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Recommendation on directors' remuneration - briefing

29 April 2009
by eub2 -- last modified 29 April 2009

The European Commission has adopted a Recommendation on the regime for the remuneration of directors of listed companies, complementing previous Recommendations 2004/913/EC and 2005/162/EC. The Commission says that an appropriate remuneration policy should ensure pay for performance and stimulate directors to ensure the medium and long term sustainability of the company. The existing Directors' remuneration Recommendation is based on the idea of pay for performance through disclosure of the remuneration policy. The new Recommendation will give further guidance on achieving this by setting out best practices for the design of an appropriate remuneration policy. To this end, it focuses on certain aspects of the structure of directors' remuneration and the process of determining directors' remuneration, including shareholder supervision. The Commission has also adopted a Recommendation on remuneration policy in the financial services sector.


Why has the European Commission decided to adopt a Recommendation, which is not legally binding, and not proposed a Directive?

This new Recommendation is based on a thorough assessment of the situation at national level and of some EU Member States' efforts to improve their corporate governance framework. The objective is to promote greater convergence within the European Union towards best practices on directors’ remuneration. Since remuneration policies will differ between companies and sectors of activity, the Commission considered a Recommendation to be more suitable than a Directive: legislation with binding principles in this area would be difficult to articulate. Furthermore, it will also allow Member States to take due account of national corporate governance traditions and practices.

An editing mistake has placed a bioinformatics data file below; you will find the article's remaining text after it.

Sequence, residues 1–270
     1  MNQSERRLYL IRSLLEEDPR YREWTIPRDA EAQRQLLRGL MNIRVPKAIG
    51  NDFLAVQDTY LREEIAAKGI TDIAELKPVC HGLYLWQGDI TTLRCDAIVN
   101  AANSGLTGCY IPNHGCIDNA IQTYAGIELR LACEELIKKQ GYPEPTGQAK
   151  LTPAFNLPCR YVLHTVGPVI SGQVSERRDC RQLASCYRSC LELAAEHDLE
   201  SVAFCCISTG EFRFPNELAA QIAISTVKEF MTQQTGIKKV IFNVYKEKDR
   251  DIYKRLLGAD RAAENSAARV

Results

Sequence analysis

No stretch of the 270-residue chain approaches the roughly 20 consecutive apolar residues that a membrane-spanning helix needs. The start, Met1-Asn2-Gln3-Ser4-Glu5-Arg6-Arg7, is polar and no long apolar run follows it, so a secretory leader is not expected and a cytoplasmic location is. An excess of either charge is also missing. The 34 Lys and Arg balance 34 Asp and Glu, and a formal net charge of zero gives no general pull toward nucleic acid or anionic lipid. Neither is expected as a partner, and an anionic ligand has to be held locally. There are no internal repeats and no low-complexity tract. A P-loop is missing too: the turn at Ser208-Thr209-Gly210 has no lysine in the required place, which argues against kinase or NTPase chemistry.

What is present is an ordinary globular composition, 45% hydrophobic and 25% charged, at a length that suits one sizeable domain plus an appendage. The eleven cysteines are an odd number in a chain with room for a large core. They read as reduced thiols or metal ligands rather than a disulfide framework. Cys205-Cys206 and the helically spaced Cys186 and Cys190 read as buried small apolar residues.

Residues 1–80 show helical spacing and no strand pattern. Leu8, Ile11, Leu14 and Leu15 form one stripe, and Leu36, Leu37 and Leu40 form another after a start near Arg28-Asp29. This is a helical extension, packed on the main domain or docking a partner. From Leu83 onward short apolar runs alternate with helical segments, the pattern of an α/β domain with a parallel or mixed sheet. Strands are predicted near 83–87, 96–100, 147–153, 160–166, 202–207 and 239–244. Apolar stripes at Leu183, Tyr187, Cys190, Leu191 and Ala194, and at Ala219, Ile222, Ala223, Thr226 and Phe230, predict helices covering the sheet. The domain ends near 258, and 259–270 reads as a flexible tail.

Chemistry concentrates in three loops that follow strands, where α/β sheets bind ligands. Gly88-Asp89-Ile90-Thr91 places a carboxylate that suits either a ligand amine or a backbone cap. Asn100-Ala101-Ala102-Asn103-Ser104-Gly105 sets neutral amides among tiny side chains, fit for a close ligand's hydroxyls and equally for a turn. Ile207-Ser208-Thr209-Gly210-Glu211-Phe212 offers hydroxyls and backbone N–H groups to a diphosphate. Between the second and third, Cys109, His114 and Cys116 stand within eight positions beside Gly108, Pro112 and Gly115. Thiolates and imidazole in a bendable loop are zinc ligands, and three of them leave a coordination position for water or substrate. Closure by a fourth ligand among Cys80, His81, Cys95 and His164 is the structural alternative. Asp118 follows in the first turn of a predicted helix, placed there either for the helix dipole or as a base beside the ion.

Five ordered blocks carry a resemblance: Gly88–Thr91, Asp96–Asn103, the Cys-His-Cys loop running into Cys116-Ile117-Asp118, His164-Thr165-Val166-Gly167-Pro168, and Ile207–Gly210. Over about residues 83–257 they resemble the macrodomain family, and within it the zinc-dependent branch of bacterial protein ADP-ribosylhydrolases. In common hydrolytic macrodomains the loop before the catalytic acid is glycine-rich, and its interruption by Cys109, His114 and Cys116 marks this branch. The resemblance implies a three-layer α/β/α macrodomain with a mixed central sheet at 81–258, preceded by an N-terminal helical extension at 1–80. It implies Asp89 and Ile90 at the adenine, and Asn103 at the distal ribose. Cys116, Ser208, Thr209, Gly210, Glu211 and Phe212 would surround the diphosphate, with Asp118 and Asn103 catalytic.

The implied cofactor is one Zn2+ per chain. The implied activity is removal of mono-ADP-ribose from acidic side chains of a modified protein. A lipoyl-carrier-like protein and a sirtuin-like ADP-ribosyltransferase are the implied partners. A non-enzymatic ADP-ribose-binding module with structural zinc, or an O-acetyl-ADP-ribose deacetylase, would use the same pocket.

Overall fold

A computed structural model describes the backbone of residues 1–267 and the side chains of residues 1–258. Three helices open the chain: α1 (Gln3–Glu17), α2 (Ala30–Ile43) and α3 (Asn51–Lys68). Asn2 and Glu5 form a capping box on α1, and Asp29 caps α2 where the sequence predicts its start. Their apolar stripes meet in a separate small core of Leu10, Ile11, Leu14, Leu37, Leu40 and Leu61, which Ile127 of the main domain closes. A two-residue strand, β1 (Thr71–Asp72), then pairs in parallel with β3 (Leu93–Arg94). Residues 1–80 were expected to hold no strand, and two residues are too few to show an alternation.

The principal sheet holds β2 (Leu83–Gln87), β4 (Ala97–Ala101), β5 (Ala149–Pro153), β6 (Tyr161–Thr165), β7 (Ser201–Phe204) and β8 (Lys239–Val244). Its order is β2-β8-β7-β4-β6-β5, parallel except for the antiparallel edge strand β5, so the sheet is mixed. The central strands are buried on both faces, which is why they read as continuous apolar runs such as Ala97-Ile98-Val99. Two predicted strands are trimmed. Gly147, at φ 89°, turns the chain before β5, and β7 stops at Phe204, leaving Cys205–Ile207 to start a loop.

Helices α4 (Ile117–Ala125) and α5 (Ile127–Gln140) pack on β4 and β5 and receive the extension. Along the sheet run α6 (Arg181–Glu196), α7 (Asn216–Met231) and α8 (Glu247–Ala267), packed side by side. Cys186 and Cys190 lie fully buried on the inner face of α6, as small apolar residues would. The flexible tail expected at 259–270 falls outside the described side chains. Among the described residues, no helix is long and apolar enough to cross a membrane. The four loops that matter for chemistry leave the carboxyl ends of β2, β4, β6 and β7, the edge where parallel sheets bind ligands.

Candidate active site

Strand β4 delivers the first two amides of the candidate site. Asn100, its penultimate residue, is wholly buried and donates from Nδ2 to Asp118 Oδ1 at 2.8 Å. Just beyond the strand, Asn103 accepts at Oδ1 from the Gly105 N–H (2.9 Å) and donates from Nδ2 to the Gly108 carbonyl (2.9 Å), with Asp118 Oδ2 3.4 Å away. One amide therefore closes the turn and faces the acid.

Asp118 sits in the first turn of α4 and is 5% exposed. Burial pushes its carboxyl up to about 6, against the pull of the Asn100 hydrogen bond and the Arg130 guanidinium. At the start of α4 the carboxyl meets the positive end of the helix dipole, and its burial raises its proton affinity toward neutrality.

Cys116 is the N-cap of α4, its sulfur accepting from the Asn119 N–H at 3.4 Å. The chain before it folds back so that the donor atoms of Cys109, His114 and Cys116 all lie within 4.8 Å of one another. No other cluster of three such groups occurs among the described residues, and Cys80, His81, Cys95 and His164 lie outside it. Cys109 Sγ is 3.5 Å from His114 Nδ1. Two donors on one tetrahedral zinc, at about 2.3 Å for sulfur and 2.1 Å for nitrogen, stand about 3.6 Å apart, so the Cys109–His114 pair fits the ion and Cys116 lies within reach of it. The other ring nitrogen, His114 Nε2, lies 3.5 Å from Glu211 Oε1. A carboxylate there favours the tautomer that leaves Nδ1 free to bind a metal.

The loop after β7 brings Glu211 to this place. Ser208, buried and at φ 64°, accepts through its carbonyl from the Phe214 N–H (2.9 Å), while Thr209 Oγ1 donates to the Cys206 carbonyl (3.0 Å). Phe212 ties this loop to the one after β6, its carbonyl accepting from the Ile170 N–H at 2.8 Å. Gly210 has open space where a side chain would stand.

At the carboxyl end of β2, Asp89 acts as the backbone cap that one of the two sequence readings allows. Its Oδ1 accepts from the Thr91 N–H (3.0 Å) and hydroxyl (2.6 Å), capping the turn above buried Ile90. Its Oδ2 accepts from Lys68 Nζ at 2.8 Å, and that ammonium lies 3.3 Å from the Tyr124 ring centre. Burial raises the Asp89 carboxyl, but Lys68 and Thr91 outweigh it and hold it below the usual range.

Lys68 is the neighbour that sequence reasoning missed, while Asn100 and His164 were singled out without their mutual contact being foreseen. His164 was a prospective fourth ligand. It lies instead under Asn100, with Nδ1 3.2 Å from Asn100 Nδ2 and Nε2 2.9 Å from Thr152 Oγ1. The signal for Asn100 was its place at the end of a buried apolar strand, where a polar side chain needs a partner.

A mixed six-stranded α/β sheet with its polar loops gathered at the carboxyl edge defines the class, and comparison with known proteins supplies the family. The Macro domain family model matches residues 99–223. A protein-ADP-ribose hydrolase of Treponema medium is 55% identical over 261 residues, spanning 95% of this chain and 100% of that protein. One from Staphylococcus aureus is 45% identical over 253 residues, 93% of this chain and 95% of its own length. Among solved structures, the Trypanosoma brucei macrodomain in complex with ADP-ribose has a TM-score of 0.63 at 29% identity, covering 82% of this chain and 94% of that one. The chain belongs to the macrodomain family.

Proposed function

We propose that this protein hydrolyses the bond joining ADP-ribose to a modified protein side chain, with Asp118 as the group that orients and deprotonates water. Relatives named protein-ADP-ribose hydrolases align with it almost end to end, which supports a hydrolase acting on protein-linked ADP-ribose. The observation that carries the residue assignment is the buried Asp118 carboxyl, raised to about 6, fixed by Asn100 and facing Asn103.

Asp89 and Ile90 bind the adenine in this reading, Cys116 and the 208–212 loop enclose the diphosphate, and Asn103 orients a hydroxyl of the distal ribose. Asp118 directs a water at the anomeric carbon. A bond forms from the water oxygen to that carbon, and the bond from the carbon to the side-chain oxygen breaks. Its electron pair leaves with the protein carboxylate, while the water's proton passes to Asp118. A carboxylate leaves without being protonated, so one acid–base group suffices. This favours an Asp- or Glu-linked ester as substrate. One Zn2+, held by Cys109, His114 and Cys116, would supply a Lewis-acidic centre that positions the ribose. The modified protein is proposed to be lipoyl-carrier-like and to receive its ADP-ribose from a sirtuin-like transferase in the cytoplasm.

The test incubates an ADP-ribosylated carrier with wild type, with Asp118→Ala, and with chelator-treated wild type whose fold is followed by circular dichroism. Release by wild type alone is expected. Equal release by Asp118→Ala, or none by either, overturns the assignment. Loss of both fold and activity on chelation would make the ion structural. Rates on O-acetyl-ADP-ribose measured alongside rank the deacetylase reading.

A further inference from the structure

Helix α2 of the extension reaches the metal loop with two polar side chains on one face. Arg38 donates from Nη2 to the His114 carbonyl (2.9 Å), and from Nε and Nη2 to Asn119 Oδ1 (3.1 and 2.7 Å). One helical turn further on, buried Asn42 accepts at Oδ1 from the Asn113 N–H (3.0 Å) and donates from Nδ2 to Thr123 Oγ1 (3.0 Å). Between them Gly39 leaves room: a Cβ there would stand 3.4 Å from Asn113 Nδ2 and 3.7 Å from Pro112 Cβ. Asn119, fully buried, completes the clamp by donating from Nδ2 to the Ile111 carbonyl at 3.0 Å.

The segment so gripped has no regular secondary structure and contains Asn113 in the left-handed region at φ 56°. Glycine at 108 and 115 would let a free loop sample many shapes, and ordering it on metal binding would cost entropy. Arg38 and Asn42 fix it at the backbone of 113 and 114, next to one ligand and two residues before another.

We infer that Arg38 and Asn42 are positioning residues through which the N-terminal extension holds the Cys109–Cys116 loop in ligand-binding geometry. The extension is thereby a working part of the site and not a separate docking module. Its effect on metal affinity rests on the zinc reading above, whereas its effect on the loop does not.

How do we reconcile prohibition of article 137.5 of the EC Treaty on pay with measures such as limiting severance pay or golden parachutes?

Article 137.5 excludes any Community competence on certain key aspects of industrial relations, such as the right to strike, the right to impose lockouts, and pay. Level of pay falls within the contractual freedom of the social partners at a national level and within the competence of Member States. The Recommendation does not aim at harmonising level of pay and nor does it modify national labour law. The Recommendation also indicates that its provisions are without prejudice to the rights, where applicable, of social partners in collective bargaining.